MIDDLEBURY, Vt. — Middlebury College will defend its national championship on home ice Saturday night, after a 5-2 come-from-behind win over New England College in the second NCAA D-III semifinal.
The Panthers trailed 2-1 at the second intermission, but reeled off four unanswered goals in the third period.
“Our thought was that if we worked hard and created a tempo for three periods that we’d get some dividends in the third,” said Middlebury coach Bill Beaney. “And that’s exactly what happened.”
Middlebury took 1:40 of a power play into the third period, and while the Panthers didn’t score, the momentum they gained help swing things into their favor.
“We thought the key would be to kill that penalty off, but they did get some momentum from that,” said New England College coach Tom Carroll.
The Panthers’ forecheck kept the Pilgrims bottled in their own end for most of the third period. NEC couldn’t muster a shot on goal until the 17:00 mark of the third period, after allowing nine Middlebury shots.
Middlebury got its third-period flurry underway with when Jocko DeCarolis dove from the right side of the net to poke the rebound of Tim Graham’s point blank shot behind New England goalie Scott Gray to tie the game at 2-2.
“I was trailing the play, looking for something to happen. The goalie made a nice save, but it dropped right in front of me. And I just swung,” said DeCarolis, who also tallied a late empty-net goal.
Middlebury took its first lead of the night, 3-2, at 10:15 of the third period. Graham fed the puck to defenseman Brett Shirreffs at the blue line. Shirreffs walked into the high slot and wristed a puck low on the ice through a screen and past Gray on the glove side.
Beaney said that the eventual game winner was the final shift in momentum toward his squad. “I didn’t think they had the legs after the third goal,” he said.
NEC didn’t feel like it was out of the game, though. “Even when the game was 2-2, I thought we were in good shape. Until the final horn blew, we never thought we couldn’t come back,” said New England coach Tom Carroll.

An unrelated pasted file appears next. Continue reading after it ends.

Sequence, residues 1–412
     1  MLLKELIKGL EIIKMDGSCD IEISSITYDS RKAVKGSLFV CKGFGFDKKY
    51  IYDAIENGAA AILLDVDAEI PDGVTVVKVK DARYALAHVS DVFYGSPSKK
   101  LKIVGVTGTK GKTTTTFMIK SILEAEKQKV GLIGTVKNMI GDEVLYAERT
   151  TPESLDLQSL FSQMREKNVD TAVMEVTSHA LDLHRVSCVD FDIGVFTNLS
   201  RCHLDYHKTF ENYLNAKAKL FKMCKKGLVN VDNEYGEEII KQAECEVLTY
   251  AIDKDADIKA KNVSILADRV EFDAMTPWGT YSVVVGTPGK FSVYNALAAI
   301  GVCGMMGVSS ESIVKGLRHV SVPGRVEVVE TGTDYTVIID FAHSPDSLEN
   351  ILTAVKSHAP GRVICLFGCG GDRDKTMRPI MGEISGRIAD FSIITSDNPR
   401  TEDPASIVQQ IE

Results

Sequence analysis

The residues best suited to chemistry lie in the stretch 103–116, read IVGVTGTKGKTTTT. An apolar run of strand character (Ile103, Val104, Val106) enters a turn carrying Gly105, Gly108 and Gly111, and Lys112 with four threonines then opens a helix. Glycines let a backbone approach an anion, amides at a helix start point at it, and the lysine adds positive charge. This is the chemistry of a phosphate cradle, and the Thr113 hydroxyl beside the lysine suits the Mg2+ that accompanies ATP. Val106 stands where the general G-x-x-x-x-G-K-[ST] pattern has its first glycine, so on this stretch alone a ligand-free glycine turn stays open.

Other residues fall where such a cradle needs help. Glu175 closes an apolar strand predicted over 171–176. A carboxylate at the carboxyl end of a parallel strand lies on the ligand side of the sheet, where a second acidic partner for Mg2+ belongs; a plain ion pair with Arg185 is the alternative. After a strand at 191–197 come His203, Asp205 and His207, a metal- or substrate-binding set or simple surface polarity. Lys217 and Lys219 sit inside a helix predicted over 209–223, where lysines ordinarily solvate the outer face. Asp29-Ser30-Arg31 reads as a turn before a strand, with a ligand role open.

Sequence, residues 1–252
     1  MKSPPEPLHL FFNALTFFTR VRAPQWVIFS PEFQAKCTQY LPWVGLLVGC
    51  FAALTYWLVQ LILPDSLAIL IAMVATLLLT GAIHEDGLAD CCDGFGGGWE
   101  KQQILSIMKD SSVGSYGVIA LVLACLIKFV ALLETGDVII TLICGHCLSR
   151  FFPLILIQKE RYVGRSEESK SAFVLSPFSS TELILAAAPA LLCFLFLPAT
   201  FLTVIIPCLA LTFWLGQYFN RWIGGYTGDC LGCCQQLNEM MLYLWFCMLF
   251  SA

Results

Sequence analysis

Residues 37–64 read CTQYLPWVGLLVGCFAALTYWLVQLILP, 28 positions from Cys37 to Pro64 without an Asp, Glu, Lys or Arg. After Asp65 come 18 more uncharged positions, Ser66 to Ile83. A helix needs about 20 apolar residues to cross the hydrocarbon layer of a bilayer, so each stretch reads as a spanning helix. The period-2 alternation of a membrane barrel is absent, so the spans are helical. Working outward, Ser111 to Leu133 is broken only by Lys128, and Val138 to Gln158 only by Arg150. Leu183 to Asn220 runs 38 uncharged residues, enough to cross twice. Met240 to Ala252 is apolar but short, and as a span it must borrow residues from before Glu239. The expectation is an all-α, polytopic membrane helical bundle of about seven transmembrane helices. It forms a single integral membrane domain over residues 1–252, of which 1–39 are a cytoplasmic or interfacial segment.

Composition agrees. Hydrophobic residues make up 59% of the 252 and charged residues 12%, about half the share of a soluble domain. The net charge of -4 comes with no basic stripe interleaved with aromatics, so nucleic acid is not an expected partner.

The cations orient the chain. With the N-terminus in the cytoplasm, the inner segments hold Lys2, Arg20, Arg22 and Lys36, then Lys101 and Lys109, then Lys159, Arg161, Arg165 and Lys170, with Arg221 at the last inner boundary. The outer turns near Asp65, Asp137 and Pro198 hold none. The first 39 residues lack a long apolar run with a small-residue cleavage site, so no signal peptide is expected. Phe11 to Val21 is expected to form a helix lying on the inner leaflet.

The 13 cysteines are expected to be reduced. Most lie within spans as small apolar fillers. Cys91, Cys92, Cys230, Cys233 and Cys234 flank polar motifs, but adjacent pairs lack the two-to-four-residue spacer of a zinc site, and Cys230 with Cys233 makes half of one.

Middlebury captain Brian Phinney said his team’s speed is what eventually helped them overcome New England College’s physical game. “If you can’t catch us, you can’t hit us. … Our game’s skating by you, not skating into you.”
The Panthers opened a two-goal lead on Mickey Gilchrist’s goal at 13:16. Patrick Nugent fed it back to Gilchrist, who took a step forward and wristed it under the crossbar from the high slot. DeCarolis’ empty-net goal came at 18:57.
New England College led twice in the game’s first two periods. The Pilgrims had taken a 2-1 lead on the power play at 11:51 of the second for that period’s only goal. Nick Fouts took a cross-ice pass at the point and fed it low to Mike Carmody at the goal line. Carmody dished it to Robin Bjorkman in the slot, and the pinching defenseman wristed it high past Middlebury goalie Ross Cherry.
The Pilgrims dominated play early and tallied at 4:02 of the first period when Rashaun Ewing fed defenseman Greg Tam at the point. Tam lofted a puck from the blue line over traffic in the slot, and beat Cherry over his left shoulder.
“Any time you have a big game like this one, especially at home, you’re going to have the jitters,” said Middlebury captain Brian Phinney. “But I think the most important thing to do, especially when you’re playing at home, is to realize it’s just another hockey game.”
Cherry kept NEC to one goal with a spectacular windmill save on a shorthanded shot by Jeff Van Dyke at 7:05 of the first. The freshman netminder has been Middlebury’s starter since midseason. “I think he’s helped our team gain a confidence that we didn’t have before,” said Beaney.
Middlebury tied it at 16:54 on Shady Young’s goal. Gray, after making two initial saves, couldn’t find a loose puck in his feet. Eric LaFreniere lay in the crease, trying to poke it home, but Young circled behind the Pilgrims net and tapped it in on the left post.
The Panthers will try for their seventh national championship at 7:00 p.m. ET at home tomorrow against the Tommies. “I think St. Thomas is a formidable opponent, and I think tomorrow’s is going to be a great one,” said Beaney.